In Japan, Prime Minister Yasuhiro Nakasone is considered a politician with a difference. That has both complimentary and uncomplimentary connotations. On the uncomplimentary side, Nakasone's opponents sometimes refer to him as a "weathervane," charging that he shifts positions according to the prevailing political winds.

On the complimentary side, his supporters point out that he has staked out a more positive, even aggressive, role for Japan in international affairs, which accords Japan some of the respect it deserves within the Western alliance.

Pointedly, this most influential Oriental leader included himself and his country as part of "the Western camp" as he talked during an interview here last week of the upcoming Reagan-Gorbachev summit, and of his own new approaches to a more fruitful relationship with the Soviet Union.

There was a time when Japanese prime ministers concentrated on avoiding attention at international conferences: The less conspicuous they could be, the better. Not Nakasone, who is as adept as Maragaret Thatcher at elbowing his way next to President Reagan at picture-taking sessions during economic summits.

Moreover, although his command of English is far from perfect, he is the first Japanese prime minister willing to use the language to a considerable extent with fellow heads of state, which makes it easier for foreigners, who, of course, almost never take the trouble to learn Japanese.

During an interview, Nakasone abandoned Japanese formalities, and got down to shirt sleeves in an uncomfortably warm Waldorf Astoria Towers hotel room. And overriding a press aide's warning to me to stick only to social chatter or "light" issues during a preinterview luncheon, Nakasone immediately invited questions about the Reagan-Gorbachev summit and volunteered that "on the record is okay."

For all of these reasons, Nakasone is considered the Japanese politician most like American politicians. Is this a fair comparison? I asked him. He answered in English: "Yes, I think so. My way of talking is somehow like the American way."

As is well known, Nakasone and Reagan have established a close "Ron and Yasu" relationship. This has stood Nakasone well in Japan, a country that dotes on everything American, despite the current unpleasantness over Japan's embarrassingly large trade surplus with this country.

How did that "Ron and Yasu" relationship spring up? Nakasone's response was -- this time through an interpreter -- "We had the same vibes."

Nakasone went on to explain that the reason he admires Reagan so much is that the president reminds him of John Wayne. And so it becomes clear that Nakasone sees not only Reagan, but himself, as exemplifying the decisiveness of the heroic movie character.

Over lunch, Nakasone recalled that after the war, he had favored a presidential rather than a parliamentary form of government for Japan, so that its citizens could enjoy the direct election of their chief of state. "That would make politics meet the needs of the people," he said.

Nonetheless, although the parliamentary form of government was chosen -- in part so there would be no rival to the emperor -- Nakasone said that he conducts business "by appealing directly to the people" because that is the best way of serving their needs. "I am doing things now just like the American system, even though . . . I am getting some jealousy from some factions in my party," he said.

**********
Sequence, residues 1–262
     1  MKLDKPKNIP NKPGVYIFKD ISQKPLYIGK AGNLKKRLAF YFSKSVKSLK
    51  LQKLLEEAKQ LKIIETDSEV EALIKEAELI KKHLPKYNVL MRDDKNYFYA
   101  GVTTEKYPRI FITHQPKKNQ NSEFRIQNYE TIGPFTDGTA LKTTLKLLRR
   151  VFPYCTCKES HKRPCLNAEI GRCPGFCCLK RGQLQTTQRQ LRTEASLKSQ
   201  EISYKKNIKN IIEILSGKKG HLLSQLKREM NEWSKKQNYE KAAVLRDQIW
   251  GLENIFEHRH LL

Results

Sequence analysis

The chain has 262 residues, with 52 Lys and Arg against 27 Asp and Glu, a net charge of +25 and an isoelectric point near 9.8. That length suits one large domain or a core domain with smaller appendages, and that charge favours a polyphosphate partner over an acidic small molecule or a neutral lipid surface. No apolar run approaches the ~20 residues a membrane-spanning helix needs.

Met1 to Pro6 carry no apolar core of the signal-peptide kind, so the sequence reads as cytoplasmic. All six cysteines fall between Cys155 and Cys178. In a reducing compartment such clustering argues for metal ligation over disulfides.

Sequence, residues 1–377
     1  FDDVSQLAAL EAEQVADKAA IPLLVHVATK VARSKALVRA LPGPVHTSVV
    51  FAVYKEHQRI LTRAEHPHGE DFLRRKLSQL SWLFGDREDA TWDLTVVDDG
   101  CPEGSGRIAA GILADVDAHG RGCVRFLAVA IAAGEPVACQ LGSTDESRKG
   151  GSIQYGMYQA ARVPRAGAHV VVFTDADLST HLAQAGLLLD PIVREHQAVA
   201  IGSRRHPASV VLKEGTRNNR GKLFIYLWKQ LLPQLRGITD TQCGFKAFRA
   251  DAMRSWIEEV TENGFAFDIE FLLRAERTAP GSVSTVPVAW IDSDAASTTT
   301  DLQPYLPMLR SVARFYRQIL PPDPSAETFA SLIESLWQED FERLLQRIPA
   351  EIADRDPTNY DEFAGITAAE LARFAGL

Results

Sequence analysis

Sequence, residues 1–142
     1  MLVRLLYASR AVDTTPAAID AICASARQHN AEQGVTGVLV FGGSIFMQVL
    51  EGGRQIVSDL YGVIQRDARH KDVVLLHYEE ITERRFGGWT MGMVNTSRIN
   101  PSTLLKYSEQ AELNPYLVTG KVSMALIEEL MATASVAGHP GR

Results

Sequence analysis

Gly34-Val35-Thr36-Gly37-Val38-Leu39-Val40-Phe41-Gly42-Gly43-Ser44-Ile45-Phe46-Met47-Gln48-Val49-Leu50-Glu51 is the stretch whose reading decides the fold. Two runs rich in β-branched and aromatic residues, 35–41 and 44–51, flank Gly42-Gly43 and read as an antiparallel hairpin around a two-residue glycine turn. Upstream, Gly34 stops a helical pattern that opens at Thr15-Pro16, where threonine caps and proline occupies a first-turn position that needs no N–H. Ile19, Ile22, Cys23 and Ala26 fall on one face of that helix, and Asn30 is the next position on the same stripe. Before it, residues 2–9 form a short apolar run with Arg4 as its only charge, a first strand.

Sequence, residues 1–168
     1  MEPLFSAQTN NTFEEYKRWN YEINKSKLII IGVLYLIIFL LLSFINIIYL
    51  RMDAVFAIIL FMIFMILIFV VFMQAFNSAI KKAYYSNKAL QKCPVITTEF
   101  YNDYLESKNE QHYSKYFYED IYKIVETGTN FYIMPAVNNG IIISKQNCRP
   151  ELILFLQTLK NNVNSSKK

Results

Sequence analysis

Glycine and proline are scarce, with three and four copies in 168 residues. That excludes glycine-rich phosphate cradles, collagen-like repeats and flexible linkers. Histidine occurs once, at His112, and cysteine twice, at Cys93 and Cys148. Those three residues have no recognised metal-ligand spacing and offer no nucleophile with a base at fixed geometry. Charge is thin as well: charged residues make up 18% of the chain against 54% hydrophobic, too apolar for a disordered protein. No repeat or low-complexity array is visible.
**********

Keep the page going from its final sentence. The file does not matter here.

Most recently, Nakasone has been appealing to Japanese citizens to put aside their reluctance to buy imported goods. He conceded that the huge Japanese trade surplus with the United States -- even if the cause is more an overvalued dollar than Japanese trade barriers -- has climbed to an unsustainable level.

So after years of clinging to a philosophy of "export or die," Nakasone is trying to bring Japan -- slowly, to be sure -- into a new stage of development in which imports are another crucial element. This, he said, will force Japan "to change the economic and social fabric or structure so that it will be a harmonious one with the world." Antiquated systems of distribution and other impediments to imports will have to be whittled away.

It won't be easy: In the first place, the Japanese instinct is to save rather than spend. The current savings rate is an incredible 17 percent of disposable income compared with an all-time-low 2 percent here. That means that there is a low personal standard of living in Japan compared with the nation's industrial wealth and power, as people put money away for their children's education and their own old-age needs.

And when the typical Japanese family does spend money on consumer goods, it prefers Japanese products, which they believe to be of higher quality than imported goods.

Nakasone, who became prime minister in 1982, is finishing a second term that is scheduled to end in November 1986. Under the current rules of his Liberal Democratic Party, there is a two-term limit. But such rules can be changed. Smilingly, he doesn't want to talk about "this delicate question," which is one of the hottest in Japan at the moment. "I am not a dictator," he laughed.

Whether Nakasone is successful in extending his stewardship in Japan will depend a great deal on how well he is able to defuse the tense trade issue with his trading partners here, in Europe and in Asia. Some political opponents in Japan label him too pro-American, too ready to jump at "Ron's" bidding. But Nakasone has played his version of the John Wayne image well with the average citizen, who has come a long way from the poverty of the first postwar years, and doesn't mind at all seeing Nakasone show the Japanese flag in world capitals when summit leaders meet.